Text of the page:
Adam Chodzko’s art is always informed by a wealth of research into subject matter. This work is inspired by his investigation into the iconic photograph of Amelia Scott, particularly the shape created by the object she is grasping in her right hand. Is it a handkerchief, glove or something else, and why is she holding it? Its triangular shapes echo the forms of celebratory bunting, Kentish oast house roofs and symbolic hourglasses. The artwork will be formed from traditional handmade Kent Peg tiles on a timber batten frame and reflects the rich history of brick and tile making in the borough.
Adam Chodzko is a Kent-based visual artist, working across media, exploring how we relate to each other and the world around us. Since 1991 he has exhibited extensively in international solo and group exhibitions.
Alex Fox & Darenth Valley Forge, Iron in the Weald
The story of iron-making across Tunbridge Wells and the High Weald is told through the images included in the six gate panels that will enclose the courtyard of The Amelia Scott building. The illustrations are worked in wrought iron and depict how the metal was mined, smelted, and forged over the centuries. All manner of products such as canon and the railings for St Paul’s Cathedral were made in the region and used the latest technology of the times, such as the blast furnace.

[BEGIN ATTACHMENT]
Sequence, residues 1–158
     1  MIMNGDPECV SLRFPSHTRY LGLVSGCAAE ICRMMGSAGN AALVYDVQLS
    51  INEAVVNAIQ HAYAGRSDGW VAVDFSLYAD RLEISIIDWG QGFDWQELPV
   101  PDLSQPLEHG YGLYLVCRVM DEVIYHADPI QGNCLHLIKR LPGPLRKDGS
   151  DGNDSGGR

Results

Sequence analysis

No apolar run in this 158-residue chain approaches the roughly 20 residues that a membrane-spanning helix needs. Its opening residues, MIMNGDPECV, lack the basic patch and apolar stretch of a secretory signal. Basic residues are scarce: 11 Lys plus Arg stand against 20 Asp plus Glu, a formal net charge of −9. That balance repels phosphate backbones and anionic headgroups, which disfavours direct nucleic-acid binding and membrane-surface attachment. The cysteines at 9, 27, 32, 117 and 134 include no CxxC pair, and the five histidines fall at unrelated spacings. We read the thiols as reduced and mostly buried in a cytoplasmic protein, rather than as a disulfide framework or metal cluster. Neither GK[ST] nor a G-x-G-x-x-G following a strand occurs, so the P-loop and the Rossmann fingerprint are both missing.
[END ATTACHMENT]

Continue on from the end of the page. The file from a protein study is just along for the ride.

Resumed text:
After completing his MA at City & Guilds of London Art School, Alex Fox has exhibited work widely. His public art projects include a commission by Audley Runnymede as well as a forthcoming gate for Stone Studios in Hackney Wick, London.
The Amelia Scott Building commissions are funded using an Arts Council England Capital Grant awarded in 2017. The commissions support and contribute to the Arts Council England 2020-2030 strategy Let’s Create which advocates for three outcomes:
Creative People: Everyone can develop and express creativity throughout their life.
Cultural Communities: Villages, towns and cities thrive through a collaborative approach to culture.
A creative and cultural country: England’s cultural sector is innovative, collaborative, and international.